Throughout the album, lyrical ideas are hardly ground-breaking with few uniquely memorable turns of phrase or strong poetic images. They are straightforward, generally unmannered and may not be captivating to those weaned on rich theatre lyrics that build. Many of the songs make their point early and there's no surprise or twist or new realization/revelation to build to, so we're given repetition or embellishments. Rhyming is sometimes eschewed altogether for much of a song or is very basic (do/new; day/away; show/know) and occasionally settles for the pop world's more liberal policy of accepting near-rhymes (dime/line; plan/hand; attack/react). But the sweet soulfulness, ingratiating hooks and beat distract from this. So do the echoing or la-la-la back-up vocals often present (the voices are not identified by name, and I assume some are his own voice multi-tracked).
Most songs concern themselves with romance (as the album title would suggest) or positive attitudes and integrity. The more ambitious and literate "One More Day," another solo-written number bookended by the spoken poem written by Joshua Bennett, is an ode to his mother's strength in her successful battle with cancer ("And this is her reward/ Another test for her shield and sword"). "Change Your Mind," co-written by Mic Murphy and his sax player Bill Sherman, is the liveliest and funkiest on the set, and moves briskly and likeably. The band is snazzy and joyful, not harsh or overbearing, with Andy Ezrin on keys very strong, aided by a rhythm section and some horns and strings present, too.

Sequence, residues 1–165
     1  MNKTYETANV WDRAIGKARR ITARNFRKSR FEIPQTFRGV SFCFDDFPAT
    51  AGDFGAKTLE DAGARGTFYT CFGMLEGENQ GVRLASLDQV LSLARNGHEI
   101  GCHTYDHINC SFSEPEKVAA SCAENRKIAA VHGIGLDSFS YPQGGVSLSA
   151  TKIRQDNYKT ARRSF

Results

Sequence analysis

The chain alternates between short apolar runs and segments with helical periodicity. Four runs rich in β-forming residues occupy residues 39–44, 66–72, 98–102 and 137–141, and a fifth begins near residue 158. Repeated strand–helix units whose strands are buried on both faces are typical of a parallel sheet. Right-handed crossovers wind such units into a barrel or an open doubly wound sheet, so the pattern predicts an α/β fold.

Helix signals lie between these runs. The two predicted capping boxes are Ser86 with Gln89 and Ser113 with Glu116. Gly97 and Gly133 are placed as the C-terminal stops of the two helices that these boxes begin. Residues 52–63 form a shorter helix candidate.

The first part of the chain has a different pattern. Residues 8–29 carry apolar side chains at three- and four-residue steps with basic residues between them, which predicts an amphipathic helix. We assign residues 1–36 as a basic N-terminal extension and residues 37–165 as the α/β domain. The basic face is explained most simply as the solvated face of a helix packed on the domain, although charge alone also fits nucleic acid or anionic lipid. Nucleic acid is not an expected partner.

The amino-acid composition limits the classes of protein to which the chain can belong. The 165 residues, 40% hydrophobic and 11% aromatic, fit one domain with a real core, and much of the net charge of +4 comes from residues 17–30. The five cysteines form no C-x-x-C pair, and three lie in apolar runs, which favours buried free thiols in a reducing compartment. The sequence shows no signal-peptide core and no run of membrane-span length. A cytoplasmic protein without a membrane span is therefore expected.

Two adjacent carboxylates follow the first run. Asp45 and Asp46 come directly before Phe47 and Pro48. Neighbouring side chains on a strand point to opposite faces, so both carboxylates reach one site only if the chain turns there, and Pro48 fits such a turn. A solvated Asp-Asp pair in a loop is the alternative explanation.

The final track, "I Got You," is one written in collaboration with Christopher Jackson's colleague from In the Heights, Lin-Manuel Miranda, the only song whose lyrics are not in the booklet. It's another unencumbered, sprightly expression of happiness ("Don't it feel good to know we share one heart ... Never gonna let you go as long as I got you ... I got you, I got you, I got you" and such, nothing sophisticated or new in the lyrics (which even use the phrase "like sunshine on a cloudy day," recalling the opening line of the old Motown hit "My Girl") but the energy is fresh and fizzy. "You know me, Mr. Heart-On-My-Sleeve," he crows amiably, and the Jackson heart-on-sleeve presentation is likeable pop sunshine. And sunshine is welcome in the winter listening days or any time.